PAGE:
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Martin Luther King Jr. On South Africa

Martin Luther King Jr. spoke on South Africa in a 1964 speech delivered in London, en route to receive the Nobel Peace Prize in Oslo.


Today the United States honors Martin Luther King Jr. with a national holiday. This time last year we shared the above photo of King with wife Coretta Scott at Ghana's Independence day celebrations in March 1957, and recalled King's 1963 words on unified black struggles. A year after making that speech, King was in London, where he denounced the apartheid regime and called for sanctions against the white South African government.

It's worth noting that while MLK acknowledges the shared fight against racism across continents, he's also clear about the differences between the struggle against the South African apartheid regime and the African-American struggle in the U.S.

"I understand that there are South Africans here tonight - some of whom have been involved in the long struggle for freedom there. In our struggle for freedom and justice in the United States, which has also been so long and arduous, we feel a powerful sense of identification with those in the far more deadly struggle for freedom in South Africa. We know how Africans there, and their friends of other races, strove for half a century to win their freedom by non-violent methods. We have honoured Chief Lutuli for his leadership, and we know how this non-violence was only met by increasing violence from the state, increasing repression, culminating in the shootings of Sharpeville and all that has happened since.

Clearly there is much in Mississippi and Alabama to remind South Africans of their own country, yet even in Mississippi we can organise to register Negro voters, we can speak to the press, we can in short organise the people in non-violent action. But in South Africa even the mildest form of non-violent resistance meets with years of imprisonment, and leaders over many years have been restricted and silenced and imprisoned. We can understand how in that situation people felt so desperate that they turned to other methods, such as sabotage.

Today great leaders - Nelson Mandela and Robert Sobukwe - are among many hundreds wasting away in Robben Island prison. Against the massively armed and ruthless state, which uses torture and sadistic forms of interrogation to crush human beings - even driving some to suicide - the militant opposition inside South Africa seems for the moment to be silenced: the mass of the people seems to be contained, seems for the moment unable to break from oppression. I emphasise the word "seems" because we can imagine what emotions and plans must be seething below the calm surface of that prosperous police state. We know what emotions are seething in the rest of Africa.

We like to draw parallels between forms of oppression to neatly summarize the experiences, but in the 1960s black Americans were recognized as human by their constitution, whereas black South Africans were not. African Americans could reference their constitutional rights; black South Africans had no rights and little room to fight for them. It's for these reasons that King, typically viewed as a staunch proponent of non-violent protest, justifies the use of sabotage by the armed wing of the ANC, Umkhonto we Sizwe. (Read the full speech here)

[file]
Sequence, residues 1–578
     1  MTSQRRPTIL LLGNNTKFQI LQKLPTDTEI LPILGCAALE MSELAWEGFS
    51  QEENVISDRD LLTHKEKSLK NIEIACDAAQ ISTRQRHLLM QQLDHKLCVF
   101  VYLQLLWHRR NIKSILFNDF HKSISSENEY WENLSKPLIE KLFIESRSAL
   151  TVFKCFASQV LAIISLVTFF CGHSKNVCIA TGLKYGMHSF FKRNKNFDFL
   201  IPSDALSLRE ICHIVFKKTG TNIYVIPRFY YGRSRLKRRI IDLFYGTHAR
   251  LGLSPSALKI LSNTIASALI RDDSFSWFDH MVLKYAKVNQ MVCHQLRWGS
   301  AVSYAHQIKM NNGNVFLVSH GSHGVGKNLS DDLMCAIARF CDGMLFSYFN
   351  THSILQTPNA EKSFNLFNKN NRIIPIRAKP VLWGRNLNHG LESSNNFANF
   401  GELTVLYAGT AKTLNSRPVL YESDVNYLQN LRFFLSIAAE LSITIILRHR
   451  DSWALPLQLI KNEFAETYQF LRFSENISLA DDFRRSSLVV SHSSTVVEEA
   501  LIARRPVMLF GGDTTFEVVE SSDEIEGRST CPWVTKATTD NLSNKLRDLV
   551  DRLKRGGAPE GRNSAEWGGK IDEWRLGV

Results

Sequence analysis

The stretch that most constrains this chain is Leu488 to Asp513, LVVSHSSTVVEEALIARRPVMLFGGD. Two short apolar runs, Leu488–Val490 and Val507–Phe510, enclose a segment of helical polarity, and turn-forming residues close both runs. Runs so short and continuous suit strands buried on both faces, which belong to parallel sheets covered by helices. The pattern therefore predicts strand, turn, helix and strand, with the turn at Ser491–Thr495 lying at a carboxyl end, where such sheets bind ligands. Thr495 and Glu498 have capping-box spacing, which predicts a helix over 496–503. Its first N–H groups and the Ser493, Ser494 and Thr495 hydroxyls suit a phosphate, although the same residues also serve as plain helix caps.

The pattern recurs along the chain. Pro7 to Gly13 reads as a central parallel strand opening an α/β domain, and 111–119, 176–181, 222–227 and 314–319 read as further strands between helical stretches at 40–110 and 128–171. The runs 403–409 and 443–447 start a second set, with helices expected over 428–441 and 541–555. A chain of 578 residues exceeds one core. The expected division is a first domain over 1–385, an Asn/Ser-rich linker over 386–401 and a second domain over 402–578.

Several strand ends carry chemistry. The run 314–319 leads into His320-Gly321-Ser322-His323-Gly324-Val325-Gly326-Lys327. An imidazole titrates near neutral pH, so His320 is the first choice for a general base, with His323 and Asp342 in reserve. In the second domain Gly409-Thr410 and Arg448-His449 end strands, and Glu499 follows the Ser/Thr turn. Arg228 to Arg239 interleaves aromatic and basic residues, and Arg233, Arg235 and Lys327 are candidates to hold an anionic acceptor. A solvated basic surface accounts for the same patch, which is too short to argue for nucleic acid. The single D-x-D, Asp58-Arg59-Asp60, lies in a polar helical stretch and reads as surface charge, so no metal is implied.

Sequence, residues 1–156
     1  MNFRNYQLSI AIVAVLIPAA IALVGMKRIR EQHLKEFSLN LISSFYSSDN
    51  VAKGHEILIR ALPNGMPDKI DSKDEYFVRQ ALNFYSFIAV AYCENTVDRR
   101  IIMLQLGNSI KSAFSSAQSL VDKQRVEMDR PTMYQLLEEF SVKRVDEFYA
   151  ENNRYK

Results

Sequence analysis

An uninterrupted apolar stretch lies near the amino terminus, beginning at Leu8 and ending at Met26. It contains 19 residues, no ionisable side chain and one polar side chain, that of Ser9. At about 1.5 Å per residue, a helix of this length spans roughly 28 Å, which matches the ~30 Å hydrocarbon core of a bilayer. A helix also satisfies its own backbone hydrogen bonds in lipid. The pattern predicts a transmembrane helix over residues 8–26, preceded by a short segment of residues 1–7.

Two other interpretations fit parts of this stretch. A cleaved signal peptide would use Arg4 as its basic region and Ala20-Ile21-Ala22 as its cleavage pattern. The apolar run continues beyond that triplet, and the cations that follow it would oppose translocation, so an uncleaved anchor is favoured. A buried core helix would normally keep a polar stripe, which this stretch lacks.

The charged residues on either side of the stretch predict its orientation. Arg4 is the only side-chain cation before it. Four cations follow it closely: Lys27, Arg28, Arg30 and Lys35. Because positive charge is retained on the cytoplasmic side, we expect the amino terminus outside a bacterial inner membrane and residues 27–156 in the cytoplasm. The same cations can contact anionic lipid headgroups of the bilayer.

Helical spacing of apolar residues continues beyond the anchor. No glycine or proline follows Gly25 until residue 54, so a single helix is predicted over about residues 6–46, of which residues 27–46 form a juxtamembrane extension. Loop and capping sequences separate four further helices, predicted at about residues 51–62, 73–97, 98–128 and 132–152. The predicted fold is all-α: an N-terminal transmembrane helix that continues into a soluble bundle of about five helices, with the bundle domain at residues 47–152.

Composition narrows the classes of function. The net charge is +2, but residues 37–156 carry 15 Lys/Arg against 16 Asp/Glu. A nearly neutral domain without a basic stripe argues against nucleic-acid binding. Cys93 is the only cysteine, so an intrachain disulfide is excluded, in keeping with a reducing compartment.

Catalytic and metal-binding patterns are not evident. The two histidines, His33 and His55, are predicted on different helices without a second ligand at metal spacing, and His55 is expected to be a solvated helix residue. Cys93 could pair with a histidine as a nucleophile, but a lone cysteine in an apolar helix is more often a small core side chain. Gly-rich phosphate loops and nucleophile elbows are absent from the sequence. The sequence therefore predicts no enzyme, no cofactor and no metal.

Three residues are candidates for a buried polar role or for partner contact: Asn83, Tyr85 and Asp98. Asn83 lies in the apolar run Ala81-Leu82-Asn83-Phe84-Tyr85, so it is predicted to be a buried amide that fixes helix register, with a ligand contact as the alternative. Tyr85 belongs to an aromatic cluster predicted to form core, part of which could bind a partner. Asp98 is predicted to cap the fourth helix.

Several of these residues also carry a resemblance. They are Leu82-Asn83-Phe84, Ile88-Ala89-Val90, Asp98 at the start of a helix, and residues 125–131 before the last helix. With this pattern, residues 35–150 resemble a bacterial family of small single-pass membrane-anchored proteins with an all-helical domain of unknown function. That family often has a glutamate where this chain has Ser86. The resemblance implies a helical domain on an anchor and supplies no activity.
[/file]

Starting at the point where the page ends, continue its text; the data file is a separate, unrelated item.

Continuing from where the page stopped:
The speech reminds us to stay woke to the different contexts that inform political strategies and ideologies. And it's a welcome reminder of MLK's radical politics, often brushed under the carpet in favour of a less challenging version of his life and thought. Read the full speech here and check out this recently published collection of MLK's final works, "Where do we go from here: Chaos or Community?"

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Photo by Don Paulsen/Michael Ochs Archives/Getty Images

Hugh Masekela's New York City Legacy

A look back at the South African legend's time in New York City and his enduring presence in the Big Apple.

In Questlove's magnificent documentary, Summer of Soul, he captures a forgotten part of Black American music history. But in telling the tale of the 1969 Harlem Cultural Festival, the longtime musician and first-time filmmaker also captures a part of lost South African music history too.

Among the line-up of blossoming all-stars who played the Harlem festival, from a 19-year-old Stevie Wonder to a transcendent Mavis Staples, was a young Hugh Masekela. 30 years old at the time, he was riding the wave of success that came from releasing Grazing in the Grass the year before. To watch Masekela in that moment on that stage is to see him at the height of his time in New York City — a firecracker musician who entertained his audiences as much as he educated them about the political situation in his home country of South Africa.

The legacy Masekela sowed in New York City during the 1960s remains in the walls of the venues where he played, and in the dust of those that are no longer standing. It's in the records he made in studios and jazz clubs, and on the Manhattan streets where he once posed with a giant stuffed zebra for an album cover. It's a legacy that still lives on in tangible form, too, in the Hugh Masekela Heritage Scholarship at the Manhattan School of Music.

The school is the place where Masekela received his education and met some of the people that would go on to be life-long bandmates and friends, from Larry Willis (who, as the story goes, Masekela convinced to give up opera for piano) to Morris Goldberg, Herbie Hancock and Stewart Levine, "his brother and musical compadre," as Mabusha Masekela, Bra Hugh's nephew says.

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